Iraq declares victory over ISIS in Tal Afar city

Fighters from the Hashed al-Shaabi (Popular Mobilisation units), backing the Iraqi forces, pose with the Iraqi flag from Tal Afar's Ottoman-era historic citadel on Aug 27, 2017. PHOTO: AFP

ISTANBUL (NYTIMES) - Another city in Iraq has slipped the grasp of the Islamic State in Iraq and Syria (ISIS), the extremist group that three years ago controlled a vast caliphate straddling Iraq and Syria that threatened to rewrite Middle Eastern borders drawn after World War I.

Now the group is on its back foot with its latest loss, the northern Iraqi city of Tal Afar, which Prime Minister Haider al-Abadi of Iraq declared liberated on Thursday (Aug 31).

The relatively quick victory in Tal Afar, after an 11-day battle by Iraqi forces backed by US air power, comes on the heels of the grueling and bloody nine-month fight for Mosul, the largest Iraqi city the ISIS ever controlled.

The mounting losses sustained by the group suggest that its days of administering territory are waning. Iraqi forces continue to push west, toward the Syrian border, while in Syria, US-backed Kurdish and Arab fighters press their assault on Raqqa, the ISIS de facto capital.

Still, the fight is likely to go on for months. The ISIS still controls large parts of Syria and Iraq and has proved resilient despite previous reports of its decline. The Iraqi military's next target, the city of Hawija, is likely to be more complicated.

Even as Iraq's national television station broadcast the announcement of the liberation of Tal Afar, the plume of smoke from an airstrike could be seen in the area. And in Ayadiya, a nearby village where some ISIS fighters put up a last stand, fighting continued into the night Thursday.

With each military victory against the ISIS comes the realisation that Iraq is far from being at peace. As Iraqi security forces were mopping up in Tal Afar on Monday, an ISIS car bomb struck a vegetable market in Baghdad, killing a dozen people and underscoring the group's power as an insurgency, even with its territorial claims diminishing.

Tal Afar, while smaller than other cities the terrorist group had seized, had taken on outsize importance. The hometown of many ISIS leaders, it has long been a stronghold of extremist views, and it was among the first Iraqi cities to fall to the rebels when they began their sweep across northern Iraq in 2014.

Iraqi troops approached from the south, along highways of fine sand that turned into clouds of red dust under the weight of speeding Humvees. Along the way were ghostlike villages with doors left flung open. A water tank painted with the ISIS flag was pitched forward, shredded by an airstrike.

But the speed of the fall of Tal Afar may be a singular event rather than a harbinger of future battles.

Lt. Gen. Sami al-Aridhi, a top commander in Iraq's counter-terrorism forces, said the victory had come quickly largely because, in contrast to Mosul, there were few civilians left in Tal Afar, allowing the Iraqi security forces to bring more destructive firepower to bear.

The city had also been cut off for months and surrounded by pro-government militias, whose fighters moved on the city last fall as the campaign for Mosul began.

"Tal Afar was trapped for months, and all of the supplies coming from ISIS in Syria toward Tal Afar were cut off," said Gen. Yahya Rasool, an Iraqi military spokesman, using an alternative name for the Islamic State.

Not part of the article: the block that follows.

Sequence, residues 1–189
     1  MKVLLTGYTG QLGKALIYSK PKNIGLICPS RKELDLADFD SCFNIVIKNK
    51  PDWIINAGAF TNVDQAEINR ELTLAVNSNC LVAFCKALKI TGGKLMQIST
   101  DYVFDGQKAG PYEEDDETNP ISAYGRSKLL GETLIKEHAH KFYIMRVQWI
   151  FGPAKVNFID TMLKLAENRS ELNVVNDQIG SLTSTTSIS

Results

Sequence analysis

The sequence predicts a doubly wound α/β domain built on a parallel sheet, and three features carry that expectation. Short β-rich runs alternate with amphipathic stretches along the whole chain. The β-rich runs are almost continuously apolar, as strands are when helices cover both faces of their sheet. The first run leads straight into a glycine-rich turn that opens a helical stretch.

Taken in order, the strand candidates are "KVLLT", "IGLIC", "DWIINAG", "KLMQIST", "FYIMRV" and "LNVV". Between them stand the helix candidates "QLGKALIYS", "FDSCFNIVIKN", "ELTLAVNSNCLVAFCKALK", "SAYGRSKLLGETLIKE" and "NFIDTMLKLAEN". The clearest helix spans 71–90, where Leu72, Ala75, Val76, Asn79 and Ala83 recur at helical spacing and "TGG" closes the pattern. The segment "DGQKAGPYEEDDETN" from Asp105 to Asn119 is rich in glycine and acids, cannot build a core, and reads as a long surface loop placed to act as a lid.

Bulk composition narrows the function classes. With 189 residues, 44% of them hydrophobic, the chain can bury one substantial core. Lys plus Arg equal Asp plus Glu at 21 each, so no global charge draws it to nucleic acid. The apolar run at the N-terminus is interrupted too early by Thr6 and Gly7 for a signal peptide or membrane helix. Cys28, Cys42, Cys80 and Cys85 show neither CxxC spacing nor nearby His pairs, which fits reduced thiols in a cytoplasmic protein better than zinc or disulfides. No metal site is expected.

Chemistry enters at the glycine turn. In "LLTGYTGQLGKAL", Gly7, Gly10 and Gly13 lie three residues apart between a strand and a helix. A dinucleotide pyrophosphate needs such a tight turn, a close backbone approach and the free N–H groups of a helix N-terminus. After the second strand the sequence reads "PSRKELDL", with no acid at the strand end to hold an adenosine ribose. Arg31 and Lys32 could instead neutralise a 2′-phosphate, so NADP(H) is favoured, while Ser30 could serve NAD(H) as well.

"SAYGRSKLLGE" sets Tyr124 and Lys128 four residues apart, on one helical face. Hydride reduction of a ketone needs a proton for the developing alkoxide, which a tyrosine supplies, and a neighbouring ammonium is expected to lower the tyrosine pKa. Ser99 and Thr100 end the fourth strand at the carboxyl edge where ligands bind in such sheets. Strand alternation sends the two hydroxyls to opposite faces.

There were also reports that the military struck a deal allowing ISIS fighters to flee, another possible reason for the quick victory. Aridhi said that many ISIS fighters had escaped, but not because of any pact with the security forces.

But Maj. Gen. Najim al-Jobori, the Iraqi commander officer who oversaw the battle, said, "There was an agreement."

He did not elaborate on the details but said that significant numbers of fighters were able to slip through the Iraqi army's security cordon. Many turned themselves in to Kurdish forces, choosing imprisonment rather than certain death at the hands of the Iraqis, while others fled to Turkey and Syria, he said.

A senior Kurdish commander said that 500 ISIS fighters turned themselves in to the Kurdish peshmerga militia over three days this week.

Whether there was a formal agreement, it appeared that the ISIS had chosen to make a tactical retreat rather than defend Tal Afar to the death.

The military's next stop, Hawija, could prove more difficult. Hawija borders Kurdish-controlled territory, making cooperation between Iraqi and Kurdish forces essential. But the Kurds are planning to hold a referendum this month on independence, aimed at converting the semiautonomous Kurdish region in Iraq into a separate state.

Baghdad opposes the referendum, and officials have said that the military planning for Hawija could be delayed because of talks about the involvement of Kurdish forces in the battle.

Beyond Hawija, the ISIS still controls the western deserts of Anbar province, including the town of al-Qaim, near the Syrian border; and half of the city of Shirqat, in Salahuddin province, as well as a large amount of territory in eastern Syria.

The fight for Tal Afar involved a constellation of Iraqi forces, including elite special forces, the Iraqi army, federal police officers and Shiite militias with ties to Iran, backed by US air power.

Lt. Gen. Stephen J. Townsend, the top US military commander in Iraq, said in a statement Thursday that with the "historic liberation of Mosul and now a swift and decisive victory in Tal Afar," the Iraqi security forces had "shown, once again, they are an increasingly capable force that can protect the Iraqi people, defeat ISIS within Iraq and secure the country's borders."

"This is yet another significant achievement for the Iraqi security forces and the government and the people of Iraq," he added.

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